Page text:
The three FSB men are accused of having targeted control and monitoring systems for such facilities from 2012 onwards. Using targeted phishing emails and other methods such as fake software updates, they are said to have succeeded in more than 17,000 cases in installing their »Havex« malicious code on the devices of victims - including electricity suppliers and other companies in the energy industry.

In a second, according to the indictment, "more targeted" phase, they sent phishing emails to more than 3,300 employees of more than 500 international companies from 2014 and subsequently infiltrated many systems. One target was the Wolf Creek company in the US state of Kansas, which operates a nuclear power plant. However, the attackers only made it into the accounting and administration area. According to the indictment, they did not penetrate the control systems of the power plant.

If the three defendants, aged 36, 39 and 42, are ever found guilty by a US court, they face combined sentences of between 25 and 47 years in prison. Hackers on behalf of the Russian government are "a serious and ongoing threat to the energy industry in the United States and the rest of the world," said one of the responsible US prosecutors when the indictments were published.

It is hardly a coincidence that the US authorities are now making them public. Only on Monday did US President Joe Biden warn of Russian cyber attacks and spoke of indications that the Kremlin was considering new attacks in response to the sanctions. With regard to companies, Biden demanded: "Harden your cyber defenses, immediately!"

In Germany, too, there is great nervousness. Security authorities have been warning of possible attacks by Vladimir Putin's cyber troops for weeks. The intelligence agency fears that the sanctions against Russia and the arms deliveries to Ukraine have further increased the risk of attacks "against German bodies, including companies." The authorities are convinced that the Russian services "undoubtedly" have the ability to "considerably and permanently sabotage" both critical infrastructure and military facilities and political operations.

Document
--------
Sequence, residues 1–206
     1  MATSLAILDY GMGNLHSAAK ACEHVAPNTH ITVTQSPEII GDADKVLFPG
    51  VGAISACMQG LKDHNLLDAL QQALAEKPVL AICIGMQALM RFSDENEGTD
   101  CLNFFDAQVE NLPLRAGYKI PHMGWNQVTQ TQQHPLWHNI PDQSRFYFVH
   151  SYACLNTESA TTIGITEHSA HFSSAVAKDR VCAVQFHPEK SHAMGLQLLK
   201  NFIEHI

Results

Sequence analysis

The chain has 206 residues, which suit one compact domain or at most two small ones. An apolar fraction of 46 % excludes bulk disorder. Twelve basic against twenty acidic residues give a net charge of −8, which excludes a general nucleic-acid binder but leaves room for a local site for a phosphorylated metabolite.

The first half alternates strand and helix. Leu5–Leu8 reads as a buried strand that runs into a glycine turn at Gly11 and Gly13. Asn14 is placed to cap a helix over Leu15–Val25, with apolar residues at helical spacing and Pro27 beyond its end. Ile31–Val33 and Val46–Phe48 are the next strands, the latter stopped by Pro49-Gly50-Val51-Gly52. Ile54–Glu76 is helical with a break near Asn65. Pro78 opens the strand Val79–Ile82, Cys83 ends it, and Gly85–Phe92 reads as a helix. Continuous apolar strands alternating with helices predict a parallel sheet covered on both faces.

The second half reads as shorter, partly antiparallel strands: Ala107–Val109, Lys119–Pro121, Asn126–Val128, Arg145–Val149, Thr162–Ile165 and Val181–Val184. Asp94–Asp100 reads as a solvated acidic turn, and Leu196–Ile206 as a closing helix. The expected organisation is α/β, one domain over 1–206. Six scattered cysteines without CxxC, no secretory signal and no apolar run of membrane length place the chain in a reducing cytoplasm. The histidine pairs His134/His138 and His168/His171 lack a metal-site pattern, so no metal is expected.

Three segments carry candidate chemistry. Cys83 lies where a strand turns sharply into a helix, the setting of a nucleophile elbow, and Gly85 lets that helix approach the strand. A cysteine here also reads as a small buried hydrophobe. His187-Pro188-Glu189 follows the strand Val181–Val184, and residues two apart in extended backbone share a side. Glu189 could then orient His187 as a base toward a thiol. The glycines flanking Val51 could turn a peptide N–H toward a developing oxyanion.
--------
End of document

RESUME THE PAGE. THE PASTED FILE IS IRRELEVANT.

In the past, the authorities had warned several times about the hackers of the "Berserk Bear" group and their "long-term and with great effort" driven activities in the energy sector. German targets are in the sights of the group, it said. Concrete waves of attacks by the group on targets in Germany were observed in 2018 and 2020.

The US government has been pursuing its "naming and shaming" strategy for several years. Special Counsel Robert Mueller indicted a dozen Russian intelligence officials in 2018 for hacking the 2016 presidential campaign. Seven other GRU workers were named and charged just months later, with a further six in 2020.

As a rule, the charges do not have any direct effects because Russia has no extradition agreement with the USA and, in particular, would not leave its state hackers to the USA. But on the one hand, those affected know that they must expect to be arrested abroad from now on. And on the other hand, the USA should be concerned with sending out signals, along the lines of: »We see what you think you are doing in secret, we are technically superior to you.«

In addition, the signal could also have an inward effect. A threat that has human faces may be taken more seriously than abstract references to intelligence hackers.

See the bills of indictment below:

No comments:

Post a Comment